2d Garrison Brigade
      3d Garrison Brigade

      Izu Islands

      O-shima
      321st Division
      Nii-Jima
      66th Independent Mixed Brigade
      Hachijo-Jima
      67th Independent Mixed Brigade
      According to this, the 12th Area Army consisted of 20 divisions and 13 brigades, plus the Yokosuka SNLF. Combined with the reinforcements of up to 8 divisions, the 12th Area Army would have 28 divisions and 13 brigades with which to fight 40+ Allied divisions and other smaller units attacking Tokyo.

      --Edit--

      Originally posted by marktwain
      From the standpoint of decisive battle planning, the most dangerous basic material shortage was that of oil.18 By the end of June, the quarterly gross national production and import of crude and refined petroleum had fallen to 24% of the wartime peak established in the period July-September 1943, and the inventory of 4,751,000 barrels was only about 8% of what had been on hand at the beginning of the war.19 Of this, only about 606,000 barrels were aviation gasoline, of which 333,900 barrels were earmarked for decisive battle operations.

      Despite a reduction in operations to within 80% of expectations, including rigid curtailment of training flights and elimination of all operational flights except those connected with the continued prosecution of Ten-Go,20 consumption still ran about 188,600 barrels in June against a production of about 98,000 barrels.21 Although aviation gasoline was to be supplemented by alcohol and other substitute fuels, the projected margin between requirements and

      [617]


      inventories was so exceedingly narrow that, particularly if the enemy continued to bomb refineries and tank farms, it was doubtful whether the decisive air battle could be fought later than the end of 1945.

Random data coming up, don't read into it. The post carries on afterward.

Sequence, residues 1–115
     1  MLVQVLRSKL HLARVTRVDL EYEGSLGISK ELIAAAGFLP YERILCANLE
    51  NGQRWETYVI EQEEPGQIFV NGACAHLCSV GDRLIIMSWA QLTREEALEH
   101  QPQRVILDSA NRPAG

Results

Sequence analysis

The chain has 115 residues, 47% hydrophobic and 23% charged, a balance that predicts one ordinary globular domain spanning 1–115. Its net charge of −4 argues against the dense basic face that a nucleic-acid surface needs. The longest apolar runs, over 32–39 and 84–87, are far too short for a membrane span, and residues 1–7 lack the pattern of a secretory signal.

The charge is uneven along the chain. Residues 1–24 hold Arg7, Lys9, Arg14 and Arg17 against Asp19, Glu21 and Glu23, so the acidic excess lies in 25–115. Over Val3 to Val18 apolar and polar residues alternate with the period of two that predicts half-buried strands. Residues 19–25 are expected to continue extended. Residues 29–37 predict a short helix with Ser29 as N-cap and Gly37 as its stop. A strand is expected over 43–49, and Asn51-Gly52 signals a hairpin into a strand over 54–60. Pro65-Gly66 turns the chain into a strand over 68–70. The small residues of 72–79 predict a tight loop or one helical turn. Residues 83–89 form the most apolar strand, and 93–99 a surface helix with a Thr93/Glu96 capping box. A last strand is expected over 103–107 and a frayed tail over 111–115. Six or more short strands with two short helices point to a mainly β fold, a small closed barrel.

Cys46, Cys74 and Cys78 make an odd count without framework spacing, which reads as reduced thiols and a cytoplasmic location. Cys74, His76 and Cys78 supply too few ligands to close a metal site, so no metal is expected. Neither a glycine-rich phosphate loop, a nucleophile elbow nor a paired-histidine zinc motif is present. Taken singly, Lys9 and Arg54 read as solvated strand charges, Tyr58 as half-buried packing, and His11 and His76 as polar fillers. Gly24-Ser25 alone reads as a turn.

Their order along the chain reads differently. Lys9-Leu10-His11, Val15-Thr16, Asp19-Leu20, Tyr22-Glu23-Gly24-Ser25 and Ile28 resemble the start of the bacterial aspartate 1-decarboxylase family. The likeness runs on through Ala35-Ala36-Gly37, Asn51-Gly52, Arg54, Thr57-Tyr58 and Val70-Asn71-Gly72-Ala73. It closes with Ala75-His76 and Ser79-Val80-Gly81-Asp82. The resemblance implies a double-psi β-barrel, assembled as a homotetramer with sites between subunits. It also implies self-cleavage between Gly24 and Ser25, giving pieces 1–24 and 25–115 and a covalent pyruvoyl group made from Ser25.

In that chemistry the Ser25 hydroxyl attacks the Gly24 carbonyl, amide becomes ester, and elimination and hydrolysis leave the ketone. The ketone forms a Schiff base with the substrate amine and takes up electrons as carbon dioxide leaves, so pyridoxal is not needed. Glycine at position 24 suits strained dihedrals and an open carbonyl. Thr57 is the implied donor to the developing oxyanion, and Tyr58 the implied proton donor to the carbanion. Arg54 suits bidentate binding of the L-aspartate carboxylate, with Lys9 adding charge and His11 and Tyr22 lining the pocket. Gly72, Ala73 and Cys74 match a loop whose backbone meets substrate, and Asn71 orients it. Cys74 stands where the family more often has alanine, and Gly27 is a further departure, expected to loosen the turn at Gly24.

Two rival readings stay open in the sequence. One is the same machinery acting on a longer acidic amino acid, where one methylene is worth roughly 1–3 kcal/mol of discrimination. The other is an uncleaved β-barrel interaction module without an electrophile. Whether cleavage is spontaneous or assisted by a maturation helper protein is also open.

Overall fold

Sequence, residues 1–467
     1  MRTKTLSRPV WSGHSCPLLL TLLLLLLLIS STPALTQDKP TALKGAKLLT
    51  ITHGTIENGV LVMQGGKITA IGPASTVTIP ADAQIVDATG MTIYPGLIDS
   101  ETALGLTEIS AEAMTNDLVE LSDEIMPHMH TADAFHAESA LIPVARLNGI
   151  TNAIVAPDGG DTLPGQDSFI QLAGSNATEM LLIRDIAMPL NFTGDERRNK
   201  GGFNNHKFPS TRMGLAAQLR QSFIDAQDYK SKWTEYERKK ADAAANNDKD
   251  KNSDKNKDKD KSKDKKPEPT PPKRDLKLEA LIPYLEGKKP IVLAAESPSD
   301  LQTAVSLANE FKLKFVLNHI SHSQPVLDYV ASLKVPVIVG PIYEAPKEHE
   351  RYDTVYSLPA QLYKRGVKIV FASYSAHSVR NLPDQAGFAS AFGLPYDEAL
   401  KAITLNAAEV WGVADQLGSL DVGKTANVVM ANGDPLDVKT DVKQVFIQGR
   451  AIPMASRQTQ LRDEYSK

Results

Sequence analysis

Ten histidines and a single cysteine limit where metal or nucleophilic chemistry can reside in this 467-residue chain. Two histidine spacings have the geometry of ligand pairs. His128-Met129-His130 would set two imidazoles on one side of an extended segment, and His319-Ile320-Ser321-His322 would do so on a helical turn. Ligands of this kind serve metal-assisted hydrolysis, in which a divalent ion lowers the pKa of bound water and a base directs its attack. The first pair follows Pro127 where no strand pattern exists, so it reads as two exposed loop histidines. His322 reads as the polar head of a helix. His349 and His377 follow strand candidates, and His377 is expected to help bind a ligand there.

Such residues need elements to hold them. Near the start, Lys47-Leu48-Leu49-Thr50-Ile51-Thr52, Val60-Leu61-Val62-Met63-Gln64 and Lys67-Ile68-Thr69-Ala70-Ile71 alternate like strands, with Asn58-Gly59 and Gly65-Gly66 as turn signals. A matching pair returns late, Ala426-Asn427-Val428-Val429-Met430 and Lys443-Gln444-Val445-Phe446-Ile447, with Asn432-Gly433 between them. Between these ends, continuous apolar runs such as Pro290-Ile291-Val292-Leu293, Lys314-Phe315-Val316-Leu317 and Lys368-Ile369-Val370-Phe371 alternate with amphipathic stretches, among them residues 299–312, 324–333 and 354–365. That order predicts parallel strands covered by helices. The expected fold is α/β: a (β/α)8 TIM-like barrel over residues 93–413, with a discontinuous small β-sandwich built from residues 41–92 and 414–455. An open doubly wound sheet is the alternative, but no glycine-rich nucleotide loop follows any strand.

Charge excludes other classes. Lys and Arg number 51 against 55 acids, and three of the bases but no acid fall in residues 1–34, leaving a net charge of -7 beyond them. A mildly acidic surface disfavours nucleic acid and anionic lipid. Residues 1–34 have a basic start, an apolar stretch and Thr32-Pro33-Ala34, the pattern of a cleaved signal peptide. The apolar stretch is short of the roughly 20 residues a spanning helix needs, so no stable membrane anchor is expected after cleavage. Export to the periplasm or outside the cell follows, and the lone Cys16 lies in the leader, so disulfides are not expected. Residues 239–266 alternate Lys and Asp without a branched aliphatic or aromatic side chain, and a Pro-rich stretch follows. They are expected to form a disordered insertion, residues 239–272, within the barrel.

This is why the Japanese were so loathe to commit aerial assets to defend their cities against US bombing raids: they wanted to hoard the aviation fuel for the final defense of the Homeland, leading some US analysts to the false conclusion that the Japanese Air Forces had been finished.
      Last edited by BobTheBarbarian; 31 Jan 15, 11:05.
      Divine Mercy Sunday: 4/21/2020 (https://www.thedivinemercy.org/message) The Miracle of Lanciano: Jesus' Real Presence (https://web.archive.org/web/20060831...fcontents.html)

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      • #63
        Order of Battle for Japanese 16th Area Army on Kyushu, 1945. From "The Reports of General MacArthur:"

        The deployment of major units of Sixteenth Area Army was as follows: (Plate No. 159)

        Miyazaki-Ariake Bay Area

        Fifty-seventh Army-Lt. Gen. Kanji Nishihara
        Coastal Forces:
        Miyazaki Coast-154th and 156th Divisions
        Ariake Bay-86th Division
        Osumi Peninsula-98th Ind. Mixed Brigade
        Mobile Reserve:
        Kirishima Mt. (Stagingarea)-25th Division, 5th Tank Brigade, one regt., 6th Tank Brigade
        Northern Miyazaki Plain-212th Division
        Tanegashima Detachment
        Tanegashima-109th Independent Mixed Brigade

        Satsuma Peninsula

        Fortieth Army-Lt. Gen. Mitsuo Nakazawa
        Coastal Forces:
        Makurazaki Coast-146th Division
        Kaimon Mt. District-125th Independent
        Mixed Brigade
        Fukiage Coast-206th Division
        Kushikino Dist.-303d Division
        Mobile Reserve:
        Kagoshima area-6th Tank Brigade (less one refit.)
        Kirishima Mt. area-77th Division

        Northern Kyushu

        Fifty-sixth Army-Lt. Gen. Ichiro Shichida
        Coastal Forces: